CitationDownload as .RIS
Emerald Group Publishing Limited
Copyright © 2000, MCB UP Limited
Automation in aerospace launch 'riveting' new project
Automation in aerospace launch "riveting" new project
Keywords Aerospace industry, Robots, Automatic
A new project researching automation problems within the aerospace industry has recently been launched, announcing a joint collaboration between the University of Nottingham, Comau UK Ltd., Bombardier Short Brothers plc and ATA Engineering Processes. The project is designed to investigate the feasibility of further developing jigless assembly within the aerospace industry. The main aims of the project are to reduce the need for manufacture of subassemblies, and develop a flexible automated system for riveting aero-structure components and exploiting opportunities that arise.
Currently the manufacture of large aero-structures involves a number of discrete stages where subassemblies of increasing size and complexity are progressively combined to produce a final structure. Manufactured from sheet metal and formed sections, these sub-assemblies are riveted together within jigs, and then in turn are riveted together. The riveting of the smaller sub-sections is primarily an automated operation, traditionally using very large, expensive machines costing between £2.5-3 million, requiring large areas of factory space and purpose-built foundations.
The research will feature the development of a purpose designed and end-effector, combining drilling and riveting of sheet alloy materials. Comau's Tricept Robot (see Plate 1) provides a dextrous robotic platform deemed ideal for carrying an end-effector in the most effective and economic way. As the riveting operation support is required from both sides of the workpiece, a purpose designed automatic support system possibly based on a second Tricept parallel machine structure will follow the first Tricept on the opposite side to prevent deformation during the riveting process.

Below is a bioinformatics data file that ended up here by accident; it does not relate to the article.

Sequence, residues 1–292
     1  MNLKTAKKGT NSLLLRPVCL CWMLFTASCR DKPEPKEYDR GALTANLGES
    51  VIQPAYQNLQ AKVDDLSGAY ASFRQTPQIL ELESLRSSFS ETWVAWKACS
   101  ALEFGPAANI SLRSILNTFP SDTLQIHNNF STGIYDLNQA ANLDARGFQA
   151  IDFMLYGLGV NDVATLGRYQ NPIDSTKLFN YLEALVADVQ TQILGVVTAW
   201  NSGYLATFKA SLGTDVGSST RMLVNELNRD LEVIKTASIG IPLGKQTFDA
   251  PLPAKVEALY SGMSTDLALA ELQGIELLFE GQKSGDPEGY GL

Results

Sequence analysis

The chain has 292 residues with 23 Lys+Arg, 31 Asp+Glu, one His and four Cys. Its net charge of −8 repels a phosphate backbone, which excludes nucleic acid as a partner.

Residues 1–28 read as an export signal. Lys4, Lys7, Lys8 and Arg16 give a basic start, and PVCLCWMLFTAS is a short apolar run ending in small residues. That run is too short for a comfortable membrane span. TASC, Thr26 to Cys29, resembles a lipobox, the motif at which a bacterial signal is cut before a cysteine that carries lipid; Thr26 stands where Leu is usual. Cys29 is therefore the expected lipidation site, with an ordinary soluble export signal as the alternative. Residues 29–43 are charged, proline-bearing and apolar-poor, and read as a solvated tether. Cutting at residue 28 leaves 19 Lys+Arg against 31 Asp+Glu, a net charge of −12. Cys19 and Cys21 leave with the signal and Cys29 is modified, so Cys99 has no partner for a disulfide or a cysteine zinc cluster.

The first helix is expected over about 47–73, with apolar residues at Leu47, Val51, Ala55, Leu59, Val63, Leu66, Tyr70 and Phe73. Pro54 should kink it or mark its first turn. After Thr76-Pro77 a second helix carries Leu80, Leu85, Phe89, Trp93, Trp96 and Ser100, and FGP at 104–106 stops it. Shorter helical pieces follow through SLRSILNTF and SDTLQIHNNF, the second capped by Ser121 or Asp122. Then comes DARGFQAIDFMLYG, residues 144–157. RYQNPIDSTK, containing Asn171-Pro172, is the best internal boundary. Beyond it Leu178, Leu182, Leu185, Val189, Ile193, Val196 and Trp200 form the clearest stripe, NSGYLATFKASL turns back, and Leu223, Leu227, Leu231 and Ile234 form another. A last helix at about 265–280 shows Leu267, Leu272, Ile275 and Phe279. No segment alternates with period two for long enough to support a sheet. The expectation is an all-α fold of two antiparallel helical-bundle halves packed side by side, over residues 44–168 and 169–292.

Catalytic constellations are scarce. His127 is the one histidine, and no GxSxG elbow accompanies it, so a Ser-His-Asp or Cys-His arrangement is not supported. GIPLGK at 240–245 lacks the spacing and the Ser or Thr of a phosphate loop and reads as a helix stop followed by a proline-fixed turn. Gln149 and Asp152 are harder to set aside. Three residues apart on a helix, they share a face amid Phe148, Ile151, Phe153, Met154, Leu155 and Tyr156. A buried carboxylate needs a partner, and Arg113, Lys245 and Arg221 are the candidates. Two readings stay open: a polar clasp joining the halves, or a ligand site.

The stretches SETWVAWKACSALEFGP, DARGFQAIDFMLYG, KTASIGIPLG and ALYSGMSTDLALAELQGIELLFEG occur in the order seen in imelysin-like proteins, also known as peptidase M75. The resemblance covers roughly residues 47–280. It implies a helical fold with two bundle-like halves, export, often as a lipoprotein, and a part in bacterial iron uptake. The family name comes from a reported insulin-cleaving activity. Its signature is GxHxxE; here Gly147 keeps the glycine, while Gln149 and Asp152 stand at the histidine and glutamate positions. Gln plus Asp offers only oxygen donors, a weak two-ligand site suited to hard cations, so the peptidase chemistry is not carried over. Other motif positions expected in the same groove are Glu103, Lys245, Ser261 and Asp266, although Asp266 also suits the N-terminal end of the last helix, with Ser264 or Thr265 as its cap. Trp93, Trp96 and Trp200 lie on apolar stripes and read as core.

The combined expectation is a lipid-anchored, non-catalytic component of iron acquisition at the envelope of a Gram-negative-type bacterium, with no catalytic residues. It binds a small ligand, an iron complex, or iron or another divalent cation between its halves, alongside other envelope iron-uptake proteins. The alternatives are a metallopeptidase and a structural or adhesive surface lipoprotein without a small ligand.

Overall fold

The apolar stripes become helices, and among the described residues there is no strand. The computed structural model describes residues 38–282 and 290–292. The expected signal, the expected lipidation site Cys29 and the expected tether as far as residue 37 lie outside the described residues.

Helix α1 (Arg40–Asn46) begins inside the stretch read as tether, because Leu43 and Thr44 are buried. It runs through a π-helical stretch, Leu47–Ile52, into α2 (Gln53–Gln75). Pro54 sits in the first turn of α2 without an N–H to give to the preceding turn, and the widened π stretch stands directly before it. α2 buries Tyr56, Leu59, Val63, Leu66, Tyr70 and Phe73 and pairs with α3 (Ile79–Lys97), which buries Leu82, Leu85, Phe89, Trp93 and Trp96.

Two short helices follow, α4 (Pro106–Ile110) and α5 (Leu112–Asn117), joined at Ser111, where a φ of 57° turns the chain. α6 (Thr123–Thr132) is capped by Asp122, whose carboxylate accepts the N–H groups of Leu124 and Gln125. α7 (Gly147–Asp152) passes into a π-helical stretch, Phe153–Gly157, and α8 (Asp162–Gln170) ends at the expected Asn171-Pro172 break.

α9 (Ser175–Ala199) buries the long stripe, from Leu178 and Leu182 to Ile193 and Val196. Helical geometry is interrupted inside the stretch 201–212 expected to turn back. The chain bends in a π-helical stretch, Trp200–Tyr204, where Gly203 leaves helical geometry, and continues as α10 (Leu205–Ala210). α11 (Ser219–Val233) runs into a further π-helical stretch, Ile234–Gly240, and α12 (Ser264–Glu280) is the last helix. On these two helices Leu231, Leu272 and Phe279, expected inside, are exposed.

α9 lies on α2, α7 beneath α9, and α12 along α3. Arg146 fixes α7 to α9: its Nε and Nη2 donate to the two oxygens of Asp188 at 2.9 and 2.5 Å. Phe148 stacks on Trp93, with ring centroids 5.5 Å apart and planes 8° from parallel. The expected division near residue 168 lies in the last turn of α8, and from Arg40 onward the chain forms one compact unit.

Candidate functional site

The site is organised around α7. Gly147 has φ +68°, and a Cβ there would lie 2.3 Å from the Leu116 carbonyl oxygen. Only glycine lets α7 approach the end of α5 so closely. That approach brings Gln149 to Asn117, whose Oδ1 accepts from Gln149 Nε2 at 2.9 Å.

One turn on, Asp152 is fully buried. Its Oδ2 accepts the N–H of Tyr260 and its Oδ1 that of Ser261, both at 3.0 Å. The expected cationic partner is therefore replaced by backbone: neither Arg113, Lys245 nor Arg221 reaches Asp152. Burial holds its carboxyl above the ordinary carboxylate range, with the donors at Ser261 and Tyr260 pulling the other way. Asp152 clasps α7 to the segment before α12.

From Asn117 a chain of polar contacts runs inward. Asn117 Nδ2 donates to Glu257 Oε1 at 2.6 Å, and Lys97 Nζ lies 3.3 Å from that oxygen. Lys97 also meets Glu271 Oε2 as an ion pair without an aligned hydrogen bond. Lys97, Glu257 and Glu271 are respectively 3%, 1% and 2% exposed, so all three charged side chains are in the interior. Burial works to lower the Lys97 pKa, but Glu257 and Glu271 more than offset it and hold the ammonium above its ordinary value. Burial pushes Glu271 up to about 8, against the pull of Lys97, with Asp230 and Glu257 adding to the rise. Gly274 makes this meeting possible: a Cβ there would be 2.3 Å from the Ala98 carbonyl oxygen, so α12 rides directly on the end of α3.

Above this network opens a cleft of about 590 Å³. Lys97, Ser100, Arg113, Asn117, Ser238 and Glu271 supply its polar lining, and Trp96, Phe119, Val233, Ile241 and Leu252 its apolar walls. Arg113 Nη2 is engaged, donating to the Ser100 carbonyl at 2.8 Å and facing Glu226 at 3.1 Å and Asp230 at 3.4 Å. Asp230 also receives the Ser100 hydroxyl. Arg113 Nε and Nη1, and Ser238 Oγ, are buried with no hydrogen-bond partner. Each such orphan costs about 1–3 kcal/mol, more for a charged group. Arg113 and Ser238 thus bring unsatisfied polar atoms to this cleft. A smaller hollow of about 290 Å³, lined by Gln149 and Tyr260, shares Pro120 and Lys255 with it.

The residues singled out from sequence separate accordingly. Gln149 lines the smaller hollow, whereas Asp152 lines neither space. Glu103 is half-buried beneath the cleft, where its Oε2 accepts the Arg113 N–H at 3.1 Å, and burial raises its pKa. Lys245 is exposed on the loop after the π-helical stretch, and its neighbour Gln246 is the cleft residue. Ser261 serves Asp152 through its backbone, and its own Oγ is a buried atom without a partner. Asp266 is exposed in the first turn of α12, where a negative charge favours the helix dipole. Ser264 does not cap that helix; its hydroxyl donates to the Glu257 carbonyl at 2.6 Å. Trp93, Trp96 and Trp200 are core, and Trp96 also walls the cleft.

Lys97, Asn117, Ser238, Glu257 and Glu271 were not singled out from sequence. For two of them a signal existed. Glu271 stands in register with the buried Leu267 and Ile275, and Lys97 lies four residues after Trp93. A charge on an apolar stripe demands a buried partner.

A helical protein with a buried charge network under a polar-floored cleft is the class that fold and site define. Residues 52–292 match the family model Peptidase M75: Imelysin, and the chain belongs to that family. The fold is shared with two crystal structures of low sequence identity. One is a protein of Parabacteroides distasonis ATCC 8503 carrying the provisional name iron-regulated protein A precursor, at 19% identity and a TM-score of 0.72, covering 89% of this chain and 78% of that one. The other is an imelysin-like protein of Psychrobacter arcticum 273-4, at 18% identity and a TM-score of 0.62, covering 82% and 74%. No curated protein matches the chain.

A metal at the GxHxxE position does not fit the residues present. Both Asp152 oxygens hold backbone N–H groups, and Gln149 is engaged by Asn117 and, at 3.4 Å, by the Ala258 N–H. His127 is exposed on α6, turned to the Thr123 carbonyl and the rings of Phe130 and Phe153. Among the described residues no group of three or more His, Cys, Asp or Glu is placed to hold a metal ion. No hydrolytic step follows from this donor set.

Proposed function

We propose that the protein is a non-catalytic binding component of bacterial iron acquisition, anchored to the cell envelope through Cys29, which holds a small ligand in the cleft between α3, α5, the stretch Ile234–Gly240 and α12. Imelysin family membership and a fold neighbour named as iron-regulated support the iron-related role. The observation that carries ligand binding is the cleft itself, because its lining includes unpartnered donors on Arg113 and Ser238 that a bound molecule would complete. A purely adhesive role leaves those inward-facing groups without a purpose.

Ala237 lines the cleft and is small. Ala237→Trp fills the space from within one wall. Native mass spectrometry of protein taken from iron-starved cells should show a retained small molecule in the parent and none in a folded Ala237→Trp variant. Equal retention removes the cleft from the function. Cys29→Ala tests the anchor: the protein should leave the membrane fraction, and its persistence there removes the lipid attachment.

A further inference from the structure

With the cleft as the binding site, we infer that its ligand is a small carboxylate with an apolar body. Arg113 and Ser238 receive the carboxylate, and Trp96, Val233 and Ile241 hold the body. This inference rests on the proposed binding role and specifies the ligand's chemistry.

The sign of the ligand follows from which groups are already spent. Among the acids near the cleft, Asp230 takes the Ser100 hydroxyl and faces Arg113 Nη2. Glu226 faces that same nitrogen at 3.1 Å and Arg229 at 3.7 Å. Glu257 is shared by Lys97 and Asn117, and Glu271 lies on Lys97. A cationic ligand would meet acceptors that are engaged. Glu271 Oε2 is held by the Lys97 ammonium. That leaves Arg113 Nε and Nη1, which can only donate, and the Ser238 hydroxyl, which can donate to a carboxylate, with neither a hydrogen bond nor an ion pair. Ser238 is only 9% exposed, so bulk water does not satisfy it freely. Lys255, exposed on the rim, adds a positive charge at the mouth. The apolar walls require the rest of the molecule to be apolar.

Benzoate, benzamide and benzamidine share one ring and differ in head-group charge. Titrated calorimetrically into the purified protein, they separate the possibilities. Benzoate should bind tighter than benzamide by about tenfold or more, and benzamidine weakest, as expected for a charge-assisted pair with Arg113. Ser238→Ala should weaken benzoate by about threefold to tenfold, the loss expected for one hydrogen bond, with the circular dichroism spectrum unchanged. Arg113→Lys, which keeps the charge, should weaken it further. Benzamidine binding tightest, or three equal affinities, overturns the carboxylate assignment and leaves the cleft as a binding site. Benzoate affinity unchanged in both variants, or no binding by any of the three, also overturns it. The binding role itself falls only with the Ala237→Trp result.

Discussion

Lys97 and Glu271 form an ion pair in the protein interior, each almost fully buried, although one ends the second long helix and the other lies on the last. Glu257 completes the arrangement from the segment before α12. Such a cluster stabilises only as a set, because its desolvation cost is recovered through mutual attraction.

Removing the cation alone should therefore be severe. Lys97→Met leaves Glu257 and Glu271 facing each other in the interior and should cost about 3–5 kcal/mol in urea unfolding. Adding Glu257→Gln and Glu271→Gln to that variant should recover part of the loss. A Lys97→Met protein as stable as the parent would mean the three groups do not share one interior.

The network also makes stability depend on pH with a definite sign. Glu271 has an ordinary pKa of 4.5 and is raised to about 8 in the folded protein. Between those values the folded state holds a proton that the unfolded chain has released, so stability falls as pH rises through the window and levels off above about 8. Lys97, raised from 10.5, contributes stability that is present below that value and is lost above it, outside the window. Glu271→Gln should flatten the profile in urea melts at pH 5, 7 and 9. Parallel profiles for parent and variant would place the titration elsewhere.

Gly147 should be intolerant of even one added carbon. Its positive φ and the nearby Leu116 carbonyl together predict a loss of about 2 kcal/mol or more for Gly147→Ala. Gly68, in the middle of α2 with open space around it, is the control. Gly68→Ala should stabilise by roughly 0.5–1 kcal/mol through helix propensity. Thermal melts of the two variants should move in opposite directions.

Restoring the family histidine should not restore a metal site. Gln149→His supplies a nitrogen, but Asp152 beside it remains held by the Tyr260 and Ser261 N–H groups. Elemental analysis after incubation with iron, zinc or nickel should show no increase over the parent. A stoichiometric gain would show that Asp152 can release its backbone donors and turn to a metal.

Plate 1 Comau's Tricept robot
A flexible automated riveting system has the potential virtually to eliminate the need for subassembly manufacture by transferring most of the manufacture to a single jig. The results of this work will have significant benefits to the aerospace industry by reducing tooling costs, and providing faster manufacture and reduction to space and therefore overheads.
Project leader Phil Webb, based at The University of Nottingham's School of Mechanical, Materials, Manufacturing Engineering and Management, says "We chose to involve the Tricept robot for its stiffness and multiprocessing capability. These versatile robots can perform several different manufacturing processes, including drilling, trimming and riveting around the fuselage. This will significantly reduce costs and lead times", he added.
For further information, please contact: Robert Lewis, Comau UK Limited, Unit 3 Hortonwood 32, Telford, Shropshire TF1 4EU. Tel: +44(0)1952 670396; Fax: +44(0) 1952 670398.